WASHINGTON — The National Security Agency improperly collected the emails of tens of thousands of Americans for three years before acknowledging the problem in 2011 and bringing it to the attention of the secret intelligence court, which ordered the program overhauled.
Officials disclosed the history of that unlawful surveillance Wednesday, releasing three partially redacted opinions of the Foreign Intelligence Surveillance Court that detailed the judges' concerns about how the NSA had been siphoning data from the Internet in an effort to collect foreign intelligence.
The documents were released in response to a Freedom of Information Act lawsuit filed by the Electronic Frontier Foundation, an advocacy group based in San Francisco.
The court ordered the NSA to stop what it had been doing and impose a technical solution that separated emails involving foreigners, which the NSA legally can collect, from those strictly between Americans. Where that technical solution didn't work, the court required the NSA to restrict the use of any domestic emails and destroy the records after two years, instead of the normal five years.
U.S. intelligence officials, who briefed reporters under ground rules that they not be identified, sought to portray the matter as a technical glitch that the intelligence agencies caught and fixed. But in the court opinion, judges said the NSA repeatedly had misled them about the scope of what it was doing.
"The court is troubled," Judge John D. Bates wrote in a footnote, that the email problem "marked the third instance in less than three years in which the government has disclosed a substantial misrepresentation regarding the scope of a major collection program."
The footnote described one of the other violations, which involved a different NSA program: the bulk collection of telephone calling records in the U.S. The NSA has amassed a huge database of so-called metadata for most telephone calls made in the country. The data include which numbers called which other numbers, the dates and times of calls and their duration.
The existence of the massive collection of telephone records was the first in a series of disclosures about intelligence programs made this year by former NSA contractor Edward Snowden.
The violation the judge referred to was discovered in 2009 and apparently involved the process under which NSA analysts search the database looking for suspicious numbers.
"Contrary to the government's repeated assurances, NSA had been running queries of the metadata using query terms that did not meet the required standard," the judge wrote.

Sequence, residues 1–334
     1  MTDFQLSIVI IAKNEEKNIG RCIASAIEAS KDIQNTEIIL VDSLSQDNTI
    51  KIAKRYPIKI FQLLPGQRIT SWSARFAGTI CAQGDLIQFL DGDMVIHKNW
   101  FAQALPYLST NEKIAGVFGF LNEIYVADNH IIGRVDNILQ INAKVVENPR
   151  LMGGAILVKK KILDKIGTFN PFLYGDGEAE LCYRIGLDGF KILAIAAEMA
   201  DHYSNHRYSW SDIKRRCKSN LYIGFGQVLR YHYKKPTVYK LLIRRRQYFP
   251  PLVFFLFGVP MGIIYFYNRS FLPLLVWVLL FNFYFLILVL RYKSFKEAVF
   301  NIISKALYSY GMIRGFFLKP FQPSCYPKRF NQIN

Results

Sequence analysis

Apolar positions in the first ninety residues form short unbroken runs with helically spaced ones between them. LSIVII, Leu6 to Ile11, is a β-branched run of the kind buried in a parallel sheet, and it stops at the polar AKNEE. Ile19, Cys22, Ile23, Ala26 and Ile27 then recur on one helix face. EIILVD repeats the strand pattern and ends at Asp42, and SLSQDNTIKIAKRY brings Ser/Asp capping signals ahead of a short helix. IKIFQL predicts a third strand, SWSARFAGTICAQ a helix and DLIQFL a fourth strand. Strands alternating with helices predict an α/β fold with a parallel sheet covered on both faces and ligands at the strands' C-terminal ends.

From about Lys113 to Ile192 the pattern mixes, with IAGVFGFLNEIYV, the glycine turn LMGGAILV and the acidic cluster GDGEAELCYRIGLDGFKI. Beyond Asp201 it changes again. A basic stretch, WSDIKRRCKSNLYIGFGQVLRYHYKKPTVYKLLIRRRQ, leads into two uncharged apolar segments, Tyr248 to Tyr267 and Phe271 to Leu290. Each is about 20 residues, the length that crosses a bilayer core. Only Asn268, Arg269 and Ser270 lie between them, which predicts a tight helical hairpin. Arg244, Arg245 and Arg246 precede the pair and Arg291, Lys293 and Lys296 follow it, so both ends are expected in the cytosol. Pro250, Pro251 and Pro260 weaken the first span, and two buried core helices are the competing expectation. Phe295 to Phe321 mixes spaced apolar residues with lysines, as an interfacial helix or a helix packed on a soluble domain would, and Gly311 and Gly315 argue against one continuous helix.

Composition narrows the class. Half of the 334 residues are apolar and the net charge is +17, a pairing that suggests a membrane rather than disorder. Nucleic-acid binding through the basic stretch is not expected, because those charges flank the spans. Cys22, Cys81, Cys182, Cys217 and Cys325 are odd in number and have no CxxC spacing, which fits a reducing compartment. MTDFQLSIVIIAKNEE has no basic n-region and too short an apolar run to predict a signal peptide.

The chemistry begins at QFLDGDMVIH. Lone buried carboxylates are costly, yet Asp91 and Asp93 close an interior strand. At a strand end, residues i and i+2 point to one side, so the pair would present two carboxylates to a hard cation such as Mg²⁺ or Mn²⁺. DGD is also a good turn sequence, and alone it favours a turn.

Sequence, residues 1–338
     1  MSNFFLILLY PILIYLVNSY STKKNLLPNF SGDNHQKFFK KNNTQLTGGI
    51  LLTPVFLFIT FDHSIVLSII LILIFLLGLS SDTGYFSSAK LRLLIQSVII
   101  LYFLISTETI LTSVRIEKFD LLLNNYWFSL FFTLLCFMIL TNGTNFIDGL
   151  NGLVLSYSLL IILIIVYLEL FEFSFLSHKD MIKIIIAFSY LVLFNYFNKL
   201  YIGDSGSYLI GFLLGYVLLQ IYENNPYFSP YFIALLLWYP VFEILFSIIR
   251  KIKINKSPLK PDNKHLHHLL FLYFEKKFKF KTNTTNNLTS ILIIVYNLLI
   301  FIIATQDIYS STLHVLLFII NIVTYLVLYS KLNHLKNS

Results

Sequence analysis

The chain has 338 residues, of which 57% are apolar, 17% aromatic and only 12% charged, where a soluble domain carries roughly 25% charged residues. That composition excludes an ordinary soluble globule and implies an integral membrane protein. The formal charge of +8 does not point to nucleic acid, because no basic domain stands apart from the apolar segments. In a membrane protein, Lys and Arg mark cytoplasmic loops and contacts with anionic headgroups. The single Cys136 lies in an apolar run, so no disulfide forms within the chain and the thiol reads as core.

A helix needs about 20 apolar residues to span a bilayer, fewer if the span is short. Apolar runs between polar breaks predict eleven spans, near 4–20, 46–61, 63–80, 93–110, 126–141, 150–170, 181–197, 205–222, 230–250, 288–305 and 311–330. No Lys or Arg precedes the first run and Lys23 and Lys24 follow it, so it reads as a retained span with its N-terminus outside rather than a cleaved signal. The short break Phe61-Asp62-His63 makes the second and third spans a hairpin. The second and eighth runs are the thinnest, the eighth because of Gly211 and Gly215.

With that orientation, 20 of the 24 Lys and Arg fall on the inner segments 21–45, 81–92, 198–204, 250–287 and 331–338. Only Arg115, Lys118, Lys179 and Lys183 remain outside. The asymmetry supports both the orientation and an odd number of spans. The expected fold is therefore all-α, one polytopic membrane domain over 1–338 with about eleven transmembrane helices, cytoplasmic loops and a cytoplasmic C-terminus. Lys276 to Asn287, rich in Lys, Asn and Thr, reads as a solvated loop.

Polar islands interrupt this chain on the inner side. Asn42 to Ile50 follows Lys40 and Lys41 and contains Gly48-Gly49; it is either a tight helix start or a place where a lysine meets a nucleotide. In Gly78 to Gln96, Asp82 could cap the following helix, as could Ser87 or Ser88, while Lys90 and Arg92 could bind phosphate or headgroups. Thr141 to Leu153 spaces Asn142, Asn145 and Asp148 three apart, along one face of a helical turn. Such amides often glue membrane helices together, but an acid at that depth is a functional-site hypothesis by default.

The opinion offered no further details on that assertion, but it appeared to contradict assurances by U.S. intelligence officials that there have been no major compliance issues with the telephone records database.
In a 2009 letter to Congress declassified several weeks ago, the Justice Department described "technical compliance problems" with the telephone data-collection program that the department said did not amount to "bad faith violations."
In the ruling released Wednesday, Bates said the standards had been "frequently and systemically violated."
The third violation, according to a statement by James R. Clapper, director of national intelligence, involved the bulk collection of U.S. Internet metadata. That data-collection program was discontinued in 2011. The portions of the court opinion describing that program were blacked out.
Clapper said the problems stemmed from "gaps in technical understanding among various NSA components," which led to "unintended misrepresentations in the way the collections were described to the FISA court."
The NSA realized in 2009 that "its compliance oversight infrastructure had not kept pace with its operational momentum" and increased its internal oversight, Clapper said.
In a related disclosure Wednesday, intelligence officials acknowledged that the NSA passes along to domestic law enforcement agencies some intelligence reports on Americans that are based on information collected through its Internet surveillance targeting foreigners. Such reports would be created if analysts discovered evidence of a crime or if the information was deemed relevant for intelligence purposes.
The officials declined to say how many reports are issued each year, but said that number is reported to Congress.
The NSA has broad power to collect information about non-Americans, but the Constitution and federal law limit the information a government agency can collect about U.S. citizens without first obtaining a warrant from a court.
Because of the way communications systems work, however, efforts to amass information on foreigners often will sweep in information about Americans. One example of why that happens is what a person sees when logging into a Web-based email account: A screen full of emails, including a few lines of content from each.
Those screen shots are transmitted over the Web as a single chunk of data, U.S. officials said, so if the NSA were lawfully targeting a foreign email address that came up in one such screen shot, the agency would get the whole thing, including American-to-American communications it wasn't supposed to have.
When that happens, the NSA is supposed to follow court-approved rules to minimize the intrusion on the privacy of U.S. citizens or lawful residents. NSA officials say they cannot estimate how much data on how many Americans the agency has collected. By one extrapolation, the unlawful collection referred to in the 2011 court order may have involved as many as 56,000 wholly domestic communications a year — all without individualized search warrants.